Well, I thought that this was going to be a huge time killer and a giant undertaking and honestly, I wanted to avoid all of the addiction signs like tantrums and screaming crying reactions.
I summoned all of my strength and realized I’m the mom here and I know my little angels will do better in the long run if I just put in a little bit of effort and was patient and understanding during these moments.
To children, this is a huge deal and I have to understand that change is hard for most. So, with that in mind, I came up with this 2 step plan. Not only did this 2 step plan not take long, but it created a fun bonding moment for us AND I taught them new words and worked on their hand-eye coordination all while “playing and planning”.
First, my husband and I renamed the living room, kitchen, and dining room to the “screen rooms”. Screens weren’t allowed in their bedrooms. Like I mentioned earlier, it’s a recipe for disaster.
I took a picture of each room in our house and had them pick out and velcro the approved rooms on a list. That way I know they understand and it helps them feel good about getting something right.
These are the rooms we’re most often in. My husband and I can keep an eye on them to ensure they’re not over there time or watching anything that is inappropriate for their age. As a back up I have parental controls on the electronics and add a sleep timer so it shuts off. Because who doesn’t forget when you’re trying to win at mom life.
Second, I created a “Fun Time Only” calendar:
Monday through Friday from 5:30-8:30 pm my kids had a list of STEM activities they can choose from. We made it together to get them excited on all the “cool”, “new” stuff they can do while still getting screen time.
When it comes to free time, I let them choose whatever they want from our velcro list. Toddlers LOVE pulling and sticking things together. So, I had a laminate maker from Walmart, printed out words, laminated them and added velcro to a calendar.
These can be broken up into 15-20 minute segments depending on your child’s age and attention span. Their attention span will improve over time because if they’re properly engaged, they will play longer. Activities should be stimulating, fun, and challenging.
There is a windup alarm clock that they set every 20 minutes as that mark is to warn them that the time is almost up and then they have a few minutes to clean up.
They love winding it up and sometimes we’ll mess around with it for a little bit of fun. This association is good for them and they’re more likely to want to do it.
Sometimes when the timer goes off, I scream and jump or pretend to be scared and that keeps them positively occupied. It’s all about having fun at the moment, even when it’s structured!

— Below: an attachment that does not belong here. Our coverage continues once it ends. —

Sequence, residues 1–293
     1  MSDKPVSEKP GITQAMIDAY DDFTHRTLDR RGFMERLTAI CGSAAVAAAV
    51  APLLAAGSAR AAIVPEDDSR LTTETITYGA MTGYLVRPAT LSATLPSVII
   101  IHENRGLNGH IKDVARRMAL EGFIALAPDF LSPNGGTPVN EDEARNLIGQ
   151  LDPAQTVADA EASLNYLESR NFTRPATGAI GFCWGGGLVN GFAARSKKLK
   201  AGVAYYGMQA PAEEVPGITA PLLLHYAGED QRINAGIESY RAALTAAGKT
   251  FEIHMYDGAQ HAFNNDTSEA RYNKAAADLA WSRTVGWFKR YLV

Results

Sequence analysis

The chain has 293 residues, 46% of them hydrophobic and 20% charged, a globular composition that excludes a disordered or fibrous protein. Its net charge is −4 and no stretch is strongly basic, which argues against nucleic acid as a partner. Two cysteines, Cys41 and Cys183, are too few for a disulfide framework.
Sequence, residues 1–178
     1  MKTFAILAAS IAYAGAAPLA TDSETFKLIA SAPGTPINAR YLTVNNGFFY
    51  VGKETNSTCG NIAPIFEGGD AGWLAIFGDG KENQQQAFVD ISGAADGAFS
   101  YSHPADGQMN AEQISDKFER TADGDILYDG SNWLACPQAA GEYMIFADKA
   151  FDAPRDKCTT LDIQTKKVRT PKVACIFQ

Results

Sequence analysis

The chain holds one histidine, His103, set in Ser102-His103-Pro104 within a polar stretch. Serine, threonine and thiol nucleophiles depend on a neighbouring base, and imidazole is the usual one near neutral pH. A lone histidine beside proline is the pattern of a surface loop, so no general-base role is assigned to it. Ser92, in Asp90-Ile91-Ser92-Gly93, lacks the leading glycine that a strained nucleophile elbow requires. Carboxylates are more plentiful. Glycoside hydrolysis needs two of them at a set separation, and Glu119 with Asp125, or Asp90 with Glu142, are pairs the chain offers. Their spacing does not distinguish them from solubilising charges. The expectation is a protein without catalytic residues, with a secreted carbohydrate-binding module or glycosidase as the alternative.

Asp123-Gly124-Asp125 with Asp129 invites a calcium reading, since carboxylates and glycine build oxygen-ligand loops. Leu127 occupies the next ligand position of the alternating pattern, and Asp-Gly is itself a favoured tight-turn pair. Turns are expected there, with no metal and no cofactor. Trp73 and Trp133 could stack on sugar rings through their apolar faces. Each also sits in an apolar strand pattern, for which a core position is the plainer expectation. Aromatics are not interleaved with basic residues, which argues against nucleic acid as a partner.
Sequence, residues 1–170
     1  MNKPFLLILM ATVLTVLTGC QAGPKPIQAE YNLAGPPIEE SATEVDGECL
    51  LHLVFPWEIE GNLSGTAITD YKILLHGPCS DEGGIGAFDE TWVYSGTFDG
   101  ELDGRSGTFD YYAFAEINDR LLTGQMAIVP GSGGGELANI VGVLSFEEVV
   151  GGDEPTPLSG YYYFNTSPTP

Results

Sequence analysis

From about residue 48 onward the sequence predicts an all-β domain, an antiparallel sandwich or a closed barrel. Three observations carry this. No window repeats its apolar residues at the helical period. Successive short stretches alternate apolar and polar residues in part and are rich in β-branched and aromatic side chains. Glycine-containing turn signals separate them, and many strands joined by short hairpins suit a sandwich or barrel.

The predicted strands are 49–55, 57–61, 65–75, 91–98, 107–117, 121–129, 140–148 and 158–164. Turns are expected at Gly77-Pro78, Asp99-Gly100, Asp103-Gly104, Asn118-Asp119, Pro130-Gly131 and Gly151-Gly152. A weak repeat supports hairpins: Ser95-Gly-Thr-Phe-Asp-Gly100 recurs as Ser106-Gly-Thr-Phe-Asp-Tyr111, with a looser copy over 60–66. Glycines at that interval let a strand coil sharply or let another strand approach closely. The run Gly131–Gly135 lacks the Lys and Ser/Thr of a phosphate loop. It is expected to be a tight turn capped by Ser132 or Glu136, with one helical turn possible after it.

Here’s an example of our schedule:
5:30 – (while I make dinner) Building blocks – Using the baseboard of this puzzle. It keeps the room mess-free and creates limited space for building something, forcing them to get creative! Plus, it’s great for hand-eye coordination and small motor skill development.
6:00(ish) – Dinner – Let’s hope they eat what I make( fingers crossed). They can “read” a book if they’re done early at the table.
6:30 – Dress up – Great in stimulating the imagination. Developing an imagination is important for creativity which is an essential component to STEM educational success. The earlier your kids are exposed to STEM-based learning, the more likely they’ll stick with it.
Then, they develop proper skills to be successful in the future in their personal and professional life.
7:00 – Screen time – Screen time is never before bed. Studies show it’s harder for kids to have a good REM cycle.
7:30 – Free time – I let them choose anything on the approved list at that moment (screen time not included).
8:00 – Lock & Learn STEM puzzle – My girls and I both love this. They love watching the puzzles “jump” off when pressing the white handles and laugh. It’s just too cute. I love it because it’s teaching them colors, shapes, animals, simalarties and differences, and developing small motor skills too. Plus, they lock in place, so we never lose a puzzle piece and I saved my foot from the worst pain ever.
8:30 – barbies – Not too STEM related, but who doesn’t love them?!
Then, they get to build their calendar every 2 weeks or so.
Each week I’d rotate activities so they don’t get bored and want screen time. If they really love something that is educational and helping them improve any skills, I let them keep it in the list longer.
30 minutes a day of electronic time only.
Saturday through Sunday I made it a point to do something outside for at least 2 hours a day, after a nap of course.
Their nap schedule was so much better once I got them into a routine and removed all screens too. That was an added plus! I actually had ME TIME!
Weekends were harder during the summer, we were very busy, but we still stuck with the 1 hour per weekend day for an electronic time. Sometimes I allowed 2 hours on a random rainy day. It’s okay to splurge every once in a while, am I right?
Now you’re ready to level up your child’s education at home just by using my simple, but life-changing “2-step Screen-free Plan“.
If you’ve found this helpful, sharing on social media and tagging @BrickMates is the best compliment ever! Thanks for your support moms and dads!